With a firm base to play off and keeping connection with those around him, Ardie is almost unstoppable.

The TJ Peranara try was an excellent example of this coordinated gain line focused loose forward trio.

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From 2.52 on the clip we see a Blackadder gain line carry, Papalii arrives for the cleanout and Savea gets the final carry and off load for the halfback to go over. (What isn’t on the tape is one prior carry and offensive cleanout from Blackadder and Papalii respectively)

Balance and combinations are always more important than individual skills in the back row, and we saw some really promising signs from this trio as a combination.

The remaining forwards were clearly on a mission of sorts, Wyn Jones et al would not have been expecting the scrum squeeze that came their way, Sam Whitelock demonstrated why his absence in Australia had such an impact, both at offensive and defensive lineouts, while the workload of the front row across the park was a real step in the right direction.

With dominance up front TJP got a free ride at halfback, Beauden Barrett was unmolested as he ran free and rest of the back-line chimed in, in what was largely a low error display.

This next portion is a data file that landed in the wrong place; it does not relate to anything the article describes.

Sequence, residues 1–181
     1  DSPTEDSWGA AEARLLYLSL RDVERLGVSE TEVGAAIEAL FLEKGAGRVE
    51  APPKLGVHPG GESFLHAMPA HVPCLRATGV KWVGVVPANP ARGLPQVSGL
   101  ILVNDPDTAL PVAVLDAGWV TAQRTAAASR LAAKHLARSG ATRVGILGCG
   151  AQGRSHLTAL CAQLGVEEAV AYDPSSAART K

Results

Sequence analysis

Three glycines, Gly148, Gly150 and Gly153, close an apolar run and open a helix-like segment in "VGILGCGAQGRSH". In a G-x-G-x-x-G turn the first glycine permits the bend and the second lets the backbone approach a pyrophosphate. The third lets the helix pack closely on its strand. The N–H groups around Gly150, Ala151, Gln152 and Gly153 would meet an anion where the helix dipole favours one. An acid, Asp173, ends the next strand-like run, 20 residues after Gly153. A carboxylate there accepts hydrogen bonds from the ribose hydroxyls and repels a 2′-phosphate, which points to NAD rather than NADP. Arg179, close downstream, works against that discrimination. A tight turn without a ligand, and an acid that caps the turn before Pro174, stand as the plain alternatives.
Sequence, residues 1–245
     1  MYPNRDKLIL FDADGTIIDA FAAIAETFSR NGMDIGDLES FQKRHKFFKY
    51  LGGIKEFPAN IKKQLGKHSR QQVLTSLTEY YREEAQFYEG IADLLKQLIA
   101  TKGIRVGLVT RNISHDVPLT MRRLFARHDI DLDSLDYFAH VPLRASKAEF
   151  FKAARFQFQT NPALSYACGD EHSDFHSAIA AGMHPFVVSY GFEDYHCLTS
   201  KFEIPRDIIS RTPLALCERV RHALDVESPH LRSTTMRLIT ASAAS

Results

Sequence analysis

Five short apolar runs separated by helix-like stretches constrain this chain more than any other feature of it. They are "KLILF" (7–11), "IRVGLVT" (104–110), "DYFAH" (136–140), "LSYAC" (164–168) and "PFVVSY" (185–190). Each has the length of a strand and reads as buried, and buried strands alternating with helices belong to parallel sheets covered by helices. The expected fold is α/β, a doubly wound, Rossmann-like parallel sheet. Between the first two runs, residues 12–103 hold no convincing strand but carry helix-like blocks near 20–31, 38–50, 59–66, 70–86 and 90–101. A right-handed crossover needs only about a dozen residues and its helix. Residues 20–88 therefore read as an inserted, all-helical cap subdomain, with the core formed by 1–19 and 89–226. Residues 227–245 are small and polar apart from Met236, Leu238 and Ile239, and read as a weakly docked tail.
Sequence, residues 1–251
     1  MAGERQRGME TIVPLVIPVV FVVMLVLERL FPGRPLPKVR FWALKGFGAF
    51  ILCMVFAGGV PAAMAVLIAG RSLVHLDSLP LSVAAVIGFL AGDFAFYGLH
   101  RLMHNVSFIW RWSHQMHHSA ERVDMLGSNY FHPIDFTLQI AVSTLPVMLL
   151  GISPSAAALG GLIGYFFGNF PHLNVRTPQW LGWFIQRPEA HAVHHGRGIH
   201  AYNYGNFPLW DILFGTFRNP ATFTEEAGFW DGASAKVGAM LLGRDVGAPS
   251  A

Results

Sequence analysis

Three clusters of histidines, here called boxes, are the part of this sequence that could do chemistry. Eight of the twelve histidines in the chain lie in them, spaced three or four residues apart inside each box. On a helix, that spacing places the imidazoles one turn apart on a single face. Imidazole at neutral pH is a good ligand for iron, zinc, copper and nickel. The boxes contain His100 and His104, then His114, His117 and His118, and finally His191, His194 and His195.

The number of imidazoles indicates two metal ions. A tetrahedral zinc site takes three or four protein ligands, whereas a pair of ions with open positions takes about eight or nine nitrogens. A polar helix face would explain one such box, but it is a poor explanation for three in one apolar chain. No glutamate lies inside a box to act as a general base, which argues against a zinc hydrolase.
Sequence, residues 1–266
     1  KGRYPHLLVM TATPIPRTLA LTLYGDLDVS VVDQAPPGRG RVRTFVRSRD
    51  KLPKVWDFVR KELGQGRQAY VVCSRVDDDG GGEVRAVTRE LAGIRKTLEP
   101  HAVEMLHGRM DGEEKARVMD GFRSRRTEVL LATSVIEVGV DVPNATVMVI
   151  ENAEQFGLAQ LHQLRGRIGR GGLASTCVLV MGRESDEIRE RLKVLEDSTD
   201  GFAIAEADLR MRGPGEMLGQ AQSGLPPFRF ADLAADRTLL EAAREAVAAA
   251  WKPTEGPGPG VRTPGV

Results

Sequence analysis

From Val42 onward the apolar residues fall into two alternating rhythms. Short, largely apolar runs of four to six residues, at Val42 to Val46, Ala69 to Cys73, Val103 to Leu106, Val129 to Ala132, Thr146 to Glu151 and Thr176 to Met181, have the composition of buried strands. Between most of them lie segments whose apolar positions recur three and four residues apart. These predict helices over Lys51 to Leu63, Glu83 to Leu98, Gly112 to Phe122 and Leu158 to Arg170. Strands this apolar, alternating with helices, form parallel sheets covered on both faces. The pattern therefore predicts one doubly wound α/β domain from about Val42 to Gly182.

Beauden Barrett was left feeling sore and sorry against the All Blacks.

(Photo by Joe Allison/Getty Images)

Barrett’s first intercept was an excellent example of defence forcing the error out of Gareth Anscombe.

Stop this clip at the 17-second mark and you can see where the pressure comes from.

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Codie Taylor has played the openside flanker role off the back of the lineout and pressured Anscombe, Papalii has the narrow runner covered, Havalii has taken the two out runner leaving Barrett free to drift into the gap and pick the pass off.

A couple of closing observations, I am increasingly liking the defence of Anton Leinart-Brown and if he is to be the man that we build that backline defence around lets make sure he is not moved. I was sent an interesting snippet last week, Conrad Smith played 94 Tests, starting in 90 – how many times did he wear the 12 shirt?

Not once is my correspondent’s assertion, and he is a normally reliable source, so no more shuffling. If he is to be our centre – anoint him, and leave him there, and solve for 12 separately.

I for one am hoping that two recent trends can be consigned to history on this tour.

We have no need for the wide playing flanker in a pack that has Dane Coles/Codie Taylor, Ardie Savea and Brodie Retallick, and neither Beauden Barrett or Richie Mo’unga need a second play maker in the side if we have Aaron Smith/Brad Weber and the back three which started this test.

They are a distraction and unbalance the side to the overall detriment. Time to bin both these theories and see how we go against Ireland and France.